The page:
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You don't drop current but you do draw it.
Your house has a 100 amp service
That means at any given time a hundred amps can be supplied.
To actually visualize stop thinking of things as resistance and start thinking of them as a load.
A microwave needs 1200W of power to nuke your pizza pop.
That means it is going to draw 10 amps of current at 120v.
Inside the microwave 5 volts are allocated to run the clock (your voltage drop) the other 115V are used to microwave the pizza pop, current is equal through both.
And by golly if you are a forth year engineer I need to go back to school or run for the hills.
 
  • #17
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Oh dude, your going back to flux, flux sucks
 
  • #18
NascentOxygen
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I know that a volt is a joule/coulomb so the amount of work done by a unit of charge.. Which is a coulomb?? Also I have never understood the coulomb. And read a lot in attempts to understand it but I just get more confused. How is charge quantifiable. This blows my mind. Isn't it just essentially "stuff"???
A coulomb is just a bunch of electrons (or protons), quite a lot really. You can't get any charge less than 1 electron; that makes it the basic unit of charge (hand in hand with the positron and the proton).
 
  • #19
I don't remember saying that current was dropped. I've been meaning to figure out how "voltage is dropped across a load/resistance". And isn't saying that a load "draws" current misleading? Because I would picture the load as just being there while current is passed through it. And based on its atomic makeup or whatever, it impedes the flow of electrons thereby limiting the amount of current being forced through it.
With regards to the voltage I found this (which may help u understand what I was asking in the first place):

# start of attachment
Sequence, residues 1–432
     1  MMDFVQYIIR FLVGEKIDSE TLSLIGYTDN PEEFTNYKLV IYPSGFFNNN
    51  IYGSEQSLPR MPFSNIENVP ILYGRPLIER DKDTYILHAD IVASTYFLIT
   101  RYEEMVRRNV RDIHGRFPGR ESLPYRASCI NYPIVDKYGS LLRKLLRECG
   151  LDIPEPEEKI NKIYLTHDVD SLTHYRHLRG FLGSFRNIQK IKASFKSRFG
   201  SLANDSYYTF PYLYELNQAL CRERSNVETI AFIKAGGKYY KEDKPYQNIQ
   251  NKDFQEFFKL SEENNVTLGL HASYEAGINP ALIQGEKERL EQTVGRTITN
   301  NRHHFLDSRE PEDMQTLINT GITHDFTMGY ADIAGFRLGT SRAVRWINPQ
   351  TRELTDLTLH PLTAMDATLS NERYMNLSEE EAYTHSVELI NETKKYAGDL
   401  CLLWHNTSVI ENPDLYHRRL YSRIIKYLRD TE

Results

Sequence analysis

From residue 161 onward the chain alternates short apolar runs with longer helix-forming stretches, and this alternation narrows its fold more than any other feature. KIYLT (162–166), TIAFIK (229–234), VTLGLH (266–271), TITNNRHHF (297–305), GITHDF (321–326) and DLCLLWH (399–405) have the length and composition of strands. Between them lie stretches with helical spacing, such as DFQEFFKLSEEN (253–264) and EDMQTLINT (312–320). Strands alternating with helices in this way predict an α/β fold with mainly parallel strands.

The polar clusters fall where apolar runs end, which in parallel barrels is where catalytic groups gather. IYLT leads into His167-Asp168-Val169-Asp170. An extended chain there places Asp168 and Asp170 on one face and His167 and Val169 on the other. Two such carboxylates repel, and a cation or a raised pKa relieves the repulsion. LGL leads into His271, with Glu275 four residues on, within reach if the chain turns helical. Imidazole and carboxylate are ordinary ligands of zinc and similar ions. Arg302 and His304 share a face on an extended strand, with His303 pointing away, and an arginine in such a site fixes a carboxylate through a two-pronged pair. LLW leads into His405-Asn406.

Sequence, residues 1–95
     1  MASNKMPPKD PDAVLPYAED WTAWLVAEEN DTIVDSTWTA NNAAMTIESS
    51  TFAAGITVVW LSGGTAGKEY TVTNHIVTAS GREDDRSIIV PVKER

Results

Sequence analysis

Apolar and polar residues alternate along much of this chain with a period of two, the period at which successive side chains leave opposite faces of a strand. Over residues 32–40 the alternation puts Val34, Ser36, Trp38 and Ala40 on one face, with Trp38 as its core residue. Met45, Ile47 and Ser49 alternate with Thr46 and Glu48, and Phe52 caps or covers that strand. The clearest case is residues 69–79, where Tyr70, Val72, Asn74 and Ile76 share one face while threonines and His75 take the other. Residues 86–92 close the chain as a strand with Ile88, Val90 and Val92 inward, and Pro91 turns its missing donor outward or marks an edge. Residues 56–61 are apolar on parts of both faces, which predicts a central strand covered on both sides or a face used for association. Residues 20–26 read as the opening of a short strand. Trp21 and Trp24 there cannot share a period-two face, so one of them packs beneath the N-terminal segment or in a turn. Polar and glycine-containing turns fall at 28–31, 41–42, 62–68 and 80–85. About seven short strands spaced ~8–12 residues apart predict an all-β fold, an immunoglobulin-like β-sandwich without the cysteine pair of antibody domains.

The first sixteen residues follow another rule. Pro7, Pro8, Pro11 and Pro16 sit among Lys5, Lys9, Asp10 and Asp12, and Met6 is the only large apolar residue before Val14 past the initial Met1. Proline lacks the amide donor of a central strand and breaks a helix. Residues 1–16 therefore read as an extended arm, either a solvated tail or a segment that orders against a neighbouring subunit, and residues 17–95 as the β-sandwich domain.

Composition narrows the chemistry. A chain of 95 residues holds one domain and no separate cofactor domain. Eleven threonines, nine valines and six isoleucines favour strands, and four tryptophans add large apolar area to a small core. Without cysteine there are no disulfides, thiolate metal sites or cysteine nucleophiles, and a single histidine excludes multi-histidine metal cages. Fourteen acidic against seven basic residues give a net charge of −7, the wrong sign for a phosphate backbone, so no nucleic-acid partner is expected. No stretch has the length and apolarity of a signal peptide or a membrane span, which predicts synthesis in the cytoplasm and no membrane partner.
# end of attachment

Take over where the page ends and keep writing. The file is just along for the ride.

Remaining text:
(Someone answering a similar question on the net)

Larger resistors have larger voltage drops. Why? Before we can answer that we must better understand what exactly a resistor does.

A resistor resists the flow of current. This resistance means that some work must be done to "push" current through the resistor. Whenever work is done on charge, we have voltage. Thus, when current flows through a resistor, there is some voltage across the resistor.

The larger the resistance, the more work required to "push" the current through the resistor, the more work done the larger the voltage drop across said resistor.

End quote

So as I see it (and plz correct me if I'm wrong, that's the whole point here), voltage from a battery is more like a bottled up force (from an imbalance of charges wanting to balance themselves out) and then once that force is allowed a pathway, it causes electrons to flow in the whole circuit due to a sort of chain reaction, and then when that chain reaction (current) is slowed by an impedance to that current, the atoms in the resistor do work on the charges to resist that flow thereby causing another voltage/pressure of its own that can be measured.....?